Fig.2.15. Beam pattern along the xz plane at y=-20 when the standard object was moved at different distances
from the sensor along x – direction.

Fig.2.16. Beam pattern along the xz plane at y=-10

Fig.2.20a. Reading variation at along the line {x, y=0, z=368}

Fig.2.19. Beam pattern along the xz plane at y=10

Fig.2.20b. Reading variation along the line {x, y=0, z=151}

2.3 Triggering Frequency

The SRF05 sensor only detects the first echo coming from
the object. We supply a short 10µs pulse to the trigger input
to start the ranging. The SRF05 will send out an 8 cycle
burst of ultrasound at 40 kHz and raise its echo line high. It
then listens for an echo, and as soon as it detects one it
lowers the echo line again. The echo line is therefore a pulse
whose width is proportional to the distance to the object. By
timing the pulse it is possible to calculate the distance. If
Fig.2.18. Beam pattern along the xz plane at y=20
nothing is detected then the SRF05 will lower its echo line
after about 30ms.
The area power density (W/m2) of the echo declines as it
As described previously the area where we keep an object
travels. We needed to set the triggering time of sensor such
and the probability of receiving echo is more than 0.7 is
defined as the high probability area of detection (HPAD).

that the power of the previous burst has declined such that it 2.5 Generalized Filtering Algorithm
will not affect the next trigger.
After a thorough analysis of this sensor, we were able to
develop a general filtering algorithm to eliminate the
uncertainty of the sensor data. The functionality of the
False echoes filtering algorithm can be summarized as follows.

Variables defined (assuming data is coming from m number

of sensors at n number of scans):

Input data at kth scan ri (k); i= 1,2,3,…m

Output data array  Rm
Intimidate data array  Fm
Pointer array for one set of data  fm
Fig.2.21. Effect of Multiple Echoes – Object at the point- 2D array to indicate whole set of data  Pm, n
{x=0, y=0, z=200} Pre defined range value  d1

2.3.1 False Echoes

A. If ri (k) = 0
Multiple echoes are the result of an environment with many
objects. The sonar burst from sensor is spread to the Pi (k) = 0
environment and may generate echoes from several objects
around the sensor. But the SRF05 is designed only to detect Ri (k) =
the first echo. Therefore other echoes may affect when the
sensor is triggered again giving a false reading. Fig.2.21 B. Else
clearly illustrates this scenario. So to avoid these false a. If Ri (k-1)- d1 < ri (k) < Ri (k-1) + d1
readings sufficient amount of time should be left before
triggering the sensor again. Pi (k) = 1

The minimum time the wave travels with echo power higher Ri (k) =( Fi (k-1) + ri (k) ) / 2
than the threshold value was found to be 35ms. When we b. Else
have set the triggering time as greater than this value, the
output was stable and is shown in Fig.2.22. Pi (k) = 0

I. If fi(k-1) = 1

fi(k) = 0

If Fi (k-1)- d1 < ri (k) < Fi (k-1) + d1

Ri (k) =( Fi (k-1) + ri (k) ) / 2

II. Else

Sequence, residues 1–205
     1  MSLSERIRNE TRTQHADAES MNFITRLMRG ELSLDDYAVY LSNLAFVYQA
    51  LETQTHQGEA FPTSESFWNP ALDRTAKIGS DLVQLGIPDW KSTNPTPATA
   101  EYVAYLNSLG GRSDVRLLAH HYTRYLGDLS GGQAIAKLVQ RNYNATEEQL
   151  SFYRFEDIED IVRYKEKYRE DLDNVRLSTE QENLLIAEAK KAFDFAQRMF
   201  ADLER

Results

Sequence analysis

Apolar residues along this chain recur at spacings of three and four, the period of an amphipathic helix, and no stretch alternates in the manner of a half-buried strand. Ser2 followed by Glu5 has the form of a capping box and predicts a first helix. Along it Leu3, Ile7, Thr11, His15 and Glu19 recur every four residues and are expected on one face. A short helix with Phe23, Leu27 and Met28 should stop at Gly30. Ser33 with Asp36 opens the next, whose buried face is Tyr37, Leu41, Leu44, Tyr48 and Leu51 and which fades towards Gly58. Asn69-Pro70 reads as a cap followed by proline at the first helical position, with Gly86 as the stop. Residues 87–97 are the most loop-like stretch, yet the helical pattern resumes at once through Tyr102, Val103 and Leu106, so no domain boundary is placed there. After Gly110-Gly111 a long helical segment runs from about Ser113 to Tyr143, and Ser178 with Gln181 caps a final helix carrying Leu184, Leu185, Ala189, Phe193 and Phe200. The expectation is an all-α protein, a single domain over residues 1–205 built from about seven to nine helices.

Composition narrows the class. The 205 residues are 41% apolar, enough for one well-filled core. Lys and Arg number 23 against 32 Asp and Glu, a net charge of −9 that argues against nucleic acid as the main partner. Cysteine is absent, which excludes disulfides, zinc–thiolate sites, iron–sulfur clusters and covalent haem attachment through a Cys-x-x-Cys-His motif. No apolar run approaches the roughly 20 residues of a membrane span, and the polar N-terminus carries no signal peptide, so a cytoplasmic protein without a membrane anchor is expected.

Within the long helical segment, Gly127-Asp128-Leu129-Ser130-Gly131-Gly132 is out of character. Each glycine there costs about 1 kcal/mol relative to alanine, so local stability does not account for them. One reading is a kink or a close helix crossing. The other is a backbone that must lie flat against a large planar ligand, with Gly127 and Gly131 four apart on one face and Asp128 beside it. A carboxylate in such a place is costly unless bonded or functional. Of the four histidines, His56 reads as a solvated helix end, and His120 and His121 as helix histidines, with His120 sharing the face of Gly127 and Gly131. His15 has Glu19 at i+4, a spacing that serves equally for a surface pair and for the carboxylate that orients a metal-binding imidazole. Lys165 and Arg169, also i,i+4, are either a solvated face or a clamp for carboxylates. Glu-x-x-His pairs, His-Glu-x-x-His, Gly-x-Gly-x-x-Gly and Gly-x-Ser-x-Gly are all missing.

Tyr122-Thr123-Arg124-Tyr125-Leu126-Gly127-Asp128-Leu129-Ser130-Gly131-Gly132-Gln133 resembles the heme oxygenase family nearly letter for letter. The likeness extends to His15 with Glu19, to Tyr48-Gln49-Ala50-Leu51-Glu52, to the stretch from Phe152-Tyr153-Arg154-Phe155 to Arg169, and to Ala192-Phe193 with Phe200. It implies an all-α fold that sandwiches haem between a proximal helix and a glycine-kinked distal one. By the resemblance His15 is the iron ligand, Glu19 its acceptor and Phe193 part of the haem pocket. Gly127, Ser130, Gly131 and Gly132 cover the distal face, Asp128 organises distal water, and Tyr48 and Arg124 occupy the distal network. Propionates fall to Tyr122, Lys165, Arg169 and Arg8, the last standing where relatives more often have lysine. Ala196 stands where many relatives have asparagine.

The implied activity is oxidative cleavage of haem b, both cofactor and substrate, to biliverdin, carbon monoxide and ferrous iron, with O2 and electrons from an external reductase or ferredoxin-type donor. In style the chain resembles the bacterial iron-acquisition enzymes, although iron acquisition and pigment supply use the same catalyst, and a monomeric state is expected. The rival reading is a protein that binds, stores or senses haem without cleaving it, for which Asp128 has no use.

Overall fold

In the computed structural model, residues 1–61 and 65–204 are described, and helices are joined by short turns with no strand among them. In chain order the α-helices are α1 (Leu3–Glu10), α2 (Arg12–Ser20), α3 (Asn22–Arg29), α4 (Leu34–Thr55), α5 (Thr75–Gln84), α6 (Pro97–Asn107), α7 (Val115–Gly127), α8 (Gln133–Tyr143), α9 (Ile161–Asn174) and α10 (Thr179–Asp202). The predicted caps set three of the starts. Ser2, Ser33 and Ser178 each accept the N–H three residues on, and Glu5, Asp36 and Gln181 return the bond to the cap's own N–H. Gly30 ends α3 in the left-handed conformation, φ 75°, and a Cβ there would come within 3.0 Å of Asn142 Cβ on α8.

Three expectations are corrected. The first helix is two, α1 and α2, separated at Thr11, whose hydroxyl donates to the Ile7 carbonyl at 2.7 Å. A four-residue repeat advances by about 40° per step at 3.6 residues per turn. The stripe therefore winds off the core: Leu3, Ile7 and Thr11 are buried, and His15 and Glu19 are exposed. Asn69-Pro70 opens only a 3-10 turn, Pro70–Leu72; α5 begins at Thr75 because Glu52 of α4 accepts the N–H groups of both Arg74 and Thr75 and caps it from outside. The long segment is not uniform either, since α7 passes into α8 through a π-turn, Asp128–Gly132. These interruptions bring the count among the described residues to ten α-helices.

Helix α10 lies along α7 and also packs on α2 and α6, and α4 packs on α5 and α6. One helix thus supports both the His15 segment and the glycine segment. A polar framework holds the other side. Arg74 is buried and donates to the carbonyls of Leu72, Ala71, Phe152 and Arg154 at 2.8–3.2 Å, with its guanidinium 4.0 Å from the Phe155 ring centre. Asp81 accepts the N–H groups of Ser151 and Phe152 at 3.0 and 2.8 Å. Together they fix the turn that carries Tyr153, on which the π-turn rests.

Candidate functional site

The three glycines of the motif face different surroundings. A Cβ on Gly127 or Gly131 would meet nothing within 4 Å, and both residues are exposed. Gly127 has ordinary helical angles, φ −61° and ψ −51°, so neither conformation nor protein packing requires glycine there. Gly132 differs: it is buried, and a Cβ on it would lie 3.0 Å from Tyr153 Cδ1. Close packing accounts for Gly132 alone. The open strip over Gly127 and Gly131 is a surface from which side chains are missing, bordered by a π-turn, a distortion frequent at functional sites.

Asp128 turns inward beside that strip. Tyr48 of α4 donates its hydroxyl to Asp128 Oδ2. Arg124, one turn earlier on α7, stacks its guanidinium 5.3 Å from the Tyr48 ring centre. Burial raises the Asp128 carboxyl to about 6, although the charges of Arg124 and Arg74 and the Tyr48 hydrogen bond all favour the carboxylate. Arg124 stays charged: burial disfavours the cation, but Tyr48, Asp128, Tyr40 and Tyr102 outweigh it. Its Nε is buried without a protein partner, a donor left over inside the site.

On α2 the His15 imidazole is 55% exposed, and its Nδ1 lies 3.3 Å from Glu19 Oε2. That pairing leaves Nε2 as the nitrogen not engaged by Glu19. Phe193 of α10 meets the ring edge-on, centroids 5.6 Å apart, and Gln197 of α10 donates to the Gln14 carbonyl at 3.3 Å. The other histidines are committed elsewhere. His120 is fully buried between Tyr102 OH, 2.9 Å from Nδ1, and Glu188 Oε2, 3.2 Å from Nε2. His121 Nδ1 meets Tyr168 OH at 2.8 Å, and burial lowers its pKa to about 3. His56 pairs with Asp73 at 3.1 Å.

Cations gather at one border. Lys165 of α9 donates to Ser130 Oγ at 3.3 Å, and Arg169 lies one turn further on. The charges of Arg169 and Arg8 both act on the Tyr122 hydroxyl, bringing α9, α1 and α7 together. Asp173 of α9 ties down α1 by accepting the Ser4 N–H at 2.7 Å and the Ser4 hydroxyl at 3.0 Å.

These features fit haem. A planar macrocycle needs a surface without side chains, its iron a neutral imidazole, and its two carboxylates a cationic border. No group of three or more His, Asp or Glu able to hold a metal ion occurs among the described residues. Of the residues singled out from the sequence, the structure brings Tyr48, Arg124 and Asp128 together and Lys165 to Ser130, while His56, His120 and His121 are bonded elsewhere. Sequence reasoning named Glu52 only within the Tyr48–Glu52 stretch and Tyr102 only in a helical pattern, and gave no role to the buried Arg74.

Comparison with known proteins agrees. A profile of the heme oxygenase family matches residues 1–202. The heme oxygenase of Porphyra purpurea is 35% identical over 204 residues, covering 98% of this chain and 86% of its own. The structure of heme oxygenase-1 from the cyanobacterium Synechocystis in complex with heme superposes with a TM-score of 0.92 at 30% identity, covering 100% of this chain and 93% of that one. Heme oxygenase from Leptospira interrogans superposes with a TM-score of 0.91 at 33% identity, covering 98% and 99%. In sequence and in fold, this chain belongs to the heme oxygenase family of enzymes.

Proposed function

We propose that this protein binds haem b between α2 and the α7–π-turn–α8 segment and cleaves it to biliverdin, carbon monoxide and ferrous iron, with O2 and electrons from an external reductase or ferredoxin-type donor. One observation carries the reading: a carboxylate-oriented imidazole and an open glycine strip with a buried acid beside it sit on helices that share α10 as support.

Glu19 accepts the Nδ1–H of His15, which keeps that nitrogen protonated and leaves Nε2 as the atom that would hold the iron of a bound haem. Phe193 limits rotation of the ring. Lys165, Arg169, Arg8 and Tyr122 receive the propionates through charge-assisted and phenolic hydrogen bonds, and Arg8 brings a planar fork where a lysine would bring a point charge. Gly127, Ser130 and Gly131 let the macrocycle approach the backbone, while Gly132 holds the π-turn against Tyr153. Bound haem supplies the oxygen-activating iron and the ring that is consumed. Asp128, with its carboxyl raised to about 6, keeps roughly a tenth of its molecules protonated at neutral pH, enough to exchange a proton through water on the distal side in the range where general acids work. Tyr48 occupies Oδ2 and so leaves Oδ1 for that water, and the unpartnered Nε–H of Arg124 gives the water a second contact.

fi(k) = 1

Fi(k) = ri(k)

Fig.2.22. Triggering time 35 ms Object at the point- Ri(k) = Ri(k-1)

{x=0, y=0, z=300}

We have developed an algorithm in order to overcome the Same process is executed for the scans, k+1, k+2, …
problem of multiple echoes and false readings which is
described in section 2.5.
So the output of the algorithm is smoothened one set of data
which is reasonably able to represent all the n scans. Since it

has correlated several set of data the filter has successfully Uncertain
tracked the object for a period of time. behavior
of the data
This filtering algorithm is shown in Fig. 2.23.


Fig.2.24. Graphs of the Raw Data and Filtered Data for one


This work provides the necessary guidelines for the

optimum usage of the most frequently used sonar range
finder SRF05.

Sonar beam pattern in 3D has been determined accurately

which would limit the failures due to the assumptions about
the beam pattern.

Best triggering frequency has been found to be 33ms. This

allows to trigger the sensor at a faster rate as required by the

The ideas presented under sonar wave propagation and

multiple echoes provide a better insight to the behavior of
these sensors and would definitely be advantageous in
usage. The maximum angle of detection also provides the
necessary information in using these sensors to detect
inclined objects and to avoid missing the important data.
Fig.2.23. Flow Chart of the Filtering Algorithm If these guidelines are adhered, there would be a much
better possibility to obtain the maximum usage of range
finder SRF05 sonar.
Behavior of raw data and filtered data is demonstrated in our
GUI using two graphs. Two axes of the graph indicate the 4. REFFERENCE
scanning time & distance, and at the same time 9 colors are
used to represent nine sensors. Fig.2.24. shows the behavior [1] Joanne walker, “Intelligent Robotics”
of one sensor data, raw data and filtered data, at an instance [2] SRF05 Technical Specifications
where the module is detecting an object at the distances of 2
[3] Daniel .J. Dailey, Patricia Harn, and Po-Jung Lin “ITS
Data fusion,” Washington State Transportation
Commission, Washington, April 1996.